|Quietly Inside, 2013, Sarah Jean|
February is the Wednesday of Winter. We’re stuck in seemingly unending snowbanks, struggling to remember what the colour green looks like and waiting for the next weather alert to be issued.
The snow is certainly getting to me but the worst part of the past week has been my overall sense of not giving a fuck about anything.
I know. I just threw down an F-bomb (and it wasn’t F for feminist).
KC listened quietly as I cried over our coffees at Crema on Sunday. Oh yes, I cried publicly. Mostly about an endless feeling of falling behind, my stalled energy for community engagement and a sense of teeth-grating frustration over-riding my once abundant empathy and compassion. I felt tired, fatigued and hopeless.
The folks at the table next to us retreated across the room.
KC is an incredible listener and deeply insightful friend. She had many thoughtful questions, but two words in particular stood out: Compassion Fatigue.
According to Compassion Fatigue Solutions, Compassion Fatigue “refers to the profound emotional and physical erosion that takes place when helpers are unable to refuel and regenerate”. The empathy and compassion required of people in supporting roles can become the emotional “cost of caring” when time and space are not sufficiently available to regain a sense of inner balance and energy.
|From The Declassified Adoptee|
That sounded familiar.
As an educator, particularly a social justice educator, people often honour me with their stories, trusting me as a safe space for disclosure. As an activist, even an activist focused on creating positive social change, I read, watch and analyze material on social injustices, trauma and oppression daily. In time, I start to loose my ability to see the balance of positive and negative in the world around me.
My skewed perspective seems to translate into a pattern of self-sacrifice. I start to work late, goading myself to get just one more thing done. I get up early, immediately thinking “Go! Go! Go!”. I reject making time for fun, feeling guilty if I take a break from “caring”. I put off doing the things that rejuvenate me. I keep saying Yes. I keep listening and supporting even when I feel overwhelmed. I keep going, unable to admit I need a break because I want to be a “good” person.
This is very embarrassing to write. I hear my honest emotional and physical erosion behind those words, but I also hear threads of self-importance. I can see my desire to offer support slipping into a form martyrdom, where I sacrifice myself on the alter of social change and community engagement, telling myself that I must do this work or it won’t get done. It’s like an internal version of Smokey the Bear pointing his paw at me, saying “Only YOU can stop homophobia, oppression, racism, sexism, gender violence, etc., etc., etc.”.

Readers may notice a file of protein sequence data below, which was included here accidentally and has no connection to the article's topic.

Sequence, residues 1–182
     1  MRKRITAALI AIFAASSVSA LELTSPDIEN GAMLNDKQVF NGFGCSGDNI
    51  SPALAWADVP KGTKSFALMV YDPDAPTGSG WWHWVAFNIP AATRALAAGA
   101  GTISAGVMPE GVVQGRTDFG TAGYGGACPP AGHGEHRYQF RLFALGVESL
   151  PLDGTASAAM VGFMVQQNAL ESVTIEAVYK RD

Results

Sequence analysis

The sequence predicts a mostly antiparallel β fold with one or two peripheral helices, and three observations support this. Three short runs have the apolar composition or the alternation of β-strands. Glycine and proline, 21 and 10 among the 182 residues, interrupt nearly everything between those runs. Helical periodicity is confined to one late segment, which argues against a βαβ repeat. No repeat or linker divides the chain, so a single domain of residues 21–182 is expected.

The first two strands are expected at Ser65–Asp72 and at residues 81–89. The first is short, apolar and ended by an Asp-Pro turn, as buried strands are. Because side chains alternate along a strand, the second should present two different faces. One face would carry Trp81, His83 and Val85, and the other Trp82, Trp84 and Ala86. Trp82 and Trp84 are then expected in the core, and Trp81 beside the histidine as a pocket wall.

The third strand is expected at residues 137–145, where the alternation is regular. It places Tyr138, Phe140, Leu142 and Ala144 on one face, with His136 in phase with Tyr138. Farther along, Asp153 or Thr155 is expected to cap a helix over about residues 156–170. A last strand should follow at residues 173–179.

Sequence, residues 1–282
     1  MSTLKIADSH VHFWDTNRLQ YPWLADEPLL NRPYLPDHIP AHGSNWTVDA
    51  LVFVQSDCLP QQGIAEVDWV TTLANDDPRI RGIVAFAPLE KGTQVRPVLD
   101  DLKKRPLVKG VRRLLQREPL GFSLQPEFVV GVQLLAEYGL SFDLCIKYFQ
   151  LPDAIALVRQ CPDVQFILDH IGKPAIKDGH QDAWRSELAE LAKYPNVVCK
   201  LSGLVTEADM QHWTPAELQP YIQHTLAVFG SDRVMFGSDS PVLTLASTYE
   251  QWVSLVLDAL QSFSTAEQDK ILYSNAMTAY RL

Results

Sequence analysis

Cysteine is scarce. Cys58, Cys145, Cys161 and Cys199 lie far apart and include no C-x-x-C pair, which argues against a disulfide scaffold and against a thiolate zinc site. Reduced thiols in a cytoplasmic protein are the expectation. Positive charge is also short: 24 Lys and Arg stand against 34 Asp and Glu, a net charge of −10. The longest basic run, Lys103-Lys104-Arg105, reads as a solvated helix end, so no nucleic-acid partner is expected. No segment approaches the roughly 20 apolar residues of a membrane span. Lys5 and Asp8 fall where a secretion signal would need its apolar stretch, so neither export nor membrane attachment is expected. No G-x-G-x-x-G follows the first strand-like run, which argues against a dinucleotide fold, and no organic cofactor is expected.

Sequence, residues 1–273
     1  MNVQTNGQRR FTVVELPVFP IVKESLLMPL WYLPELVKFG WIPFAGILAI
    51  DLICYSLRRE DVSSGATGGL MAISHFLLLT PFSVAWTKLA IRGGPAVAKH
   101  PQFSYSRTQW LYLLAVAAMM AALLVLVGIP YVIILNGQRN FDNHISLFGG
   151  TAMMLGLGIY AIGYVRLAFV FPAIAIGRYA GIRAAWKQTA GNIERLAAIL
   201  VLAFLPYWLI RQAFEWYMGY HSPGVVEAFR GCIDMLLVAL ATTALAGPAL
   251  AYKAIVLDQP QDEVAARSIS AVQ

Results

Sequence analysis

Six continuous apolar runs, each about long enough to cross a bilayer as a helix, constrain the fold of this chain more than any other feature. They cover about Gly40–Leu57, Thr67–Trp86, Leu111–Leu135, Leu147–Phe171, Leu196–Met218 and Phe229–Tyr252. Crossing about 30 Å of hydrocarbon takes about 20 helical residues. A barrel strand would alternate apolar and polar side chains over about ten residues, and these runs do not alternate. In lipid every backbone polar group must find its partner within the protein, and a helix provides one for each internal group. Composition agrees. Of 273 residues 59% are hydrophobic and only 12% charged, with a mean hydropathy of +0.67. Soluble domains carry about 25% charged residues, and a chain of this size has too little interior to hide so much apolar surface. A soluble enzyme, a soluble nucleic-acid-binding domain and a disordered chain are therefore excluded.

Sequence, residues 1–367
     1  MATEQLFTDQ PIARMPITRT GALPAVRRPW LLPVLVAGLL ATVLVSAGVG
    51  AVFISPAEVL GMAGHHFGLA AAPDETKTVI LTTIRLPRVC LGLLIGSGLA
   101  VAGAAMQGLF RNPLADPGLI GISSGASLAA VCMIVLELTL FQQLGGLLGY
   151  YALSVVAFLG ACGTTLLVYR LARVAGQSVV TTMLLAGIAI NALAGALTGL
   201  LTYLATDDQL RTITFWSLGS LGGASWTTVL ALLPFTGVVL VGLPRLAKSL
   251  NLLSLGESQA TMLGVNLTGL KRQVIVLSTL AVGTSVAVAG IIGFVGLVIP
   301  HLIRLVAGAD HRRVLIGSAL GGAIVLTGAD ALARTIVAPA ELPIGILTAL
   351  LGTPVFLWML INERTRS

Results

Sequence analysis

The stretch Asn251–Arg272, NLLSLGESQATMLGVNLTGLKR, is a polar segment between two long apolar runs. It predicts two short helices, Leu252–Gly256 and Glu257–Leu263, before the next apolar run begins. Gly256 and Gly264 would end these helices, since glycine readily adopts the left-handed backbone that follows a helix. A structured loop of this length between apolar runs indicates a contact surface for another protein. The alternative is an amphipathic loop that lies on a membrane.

The worst part is that I know Compassion Fatigue exists and I know listening to another person’s pain can take a toll. I know that I will get tired and that I will need a break. I know this yet I don’t put in place ways of supporting myself and I ignore self-care. It’s here that martyrdom rears its slobbery head.
Martyrdom is an incredibly seductive mind trap. I feel so important when I’m running around “helping” and “caring”. That quiet little assumption that everything rests upon ME makes it so easy to spin tales about how I MUST keep giving because SO MANY people depend upon me. It lets me believe that if I took a break the world would surely fall into a (worse) pit of despair. Despite the pressure these assumptions place on me, that feeling of self-importance is addictive.
Since coffee with KC I’ve taken some time to rest, paint and knit. The dishes have piled up a bit, there are dust bunnies in the corners and some phone calls have gone unanswered. A few days of breathing room have given me enough perspective to see that for me Compassion Fatigue quickly leads to martyrdom and martyrs aren’t particularly useful. Deep, dark circles under my eyes and a cranky, tired Sarah Jean does not bring positive change to our world.
In fact, the many ages of successful humyn existence that have unfolded without my direct involvement suggests my assumption of self-importance may not be, ahem, accurate. This little reality check indicates that I could indeed safely take a break from changing the world without cataclysmic disaster. In fact, it appears that we all could take some time out to rest and rejuvenate.
I’m hoping this post can help me, and maybe us, keep this perspective in mind as I trudge through the remainder of the winter.
|From Radical Self Care|
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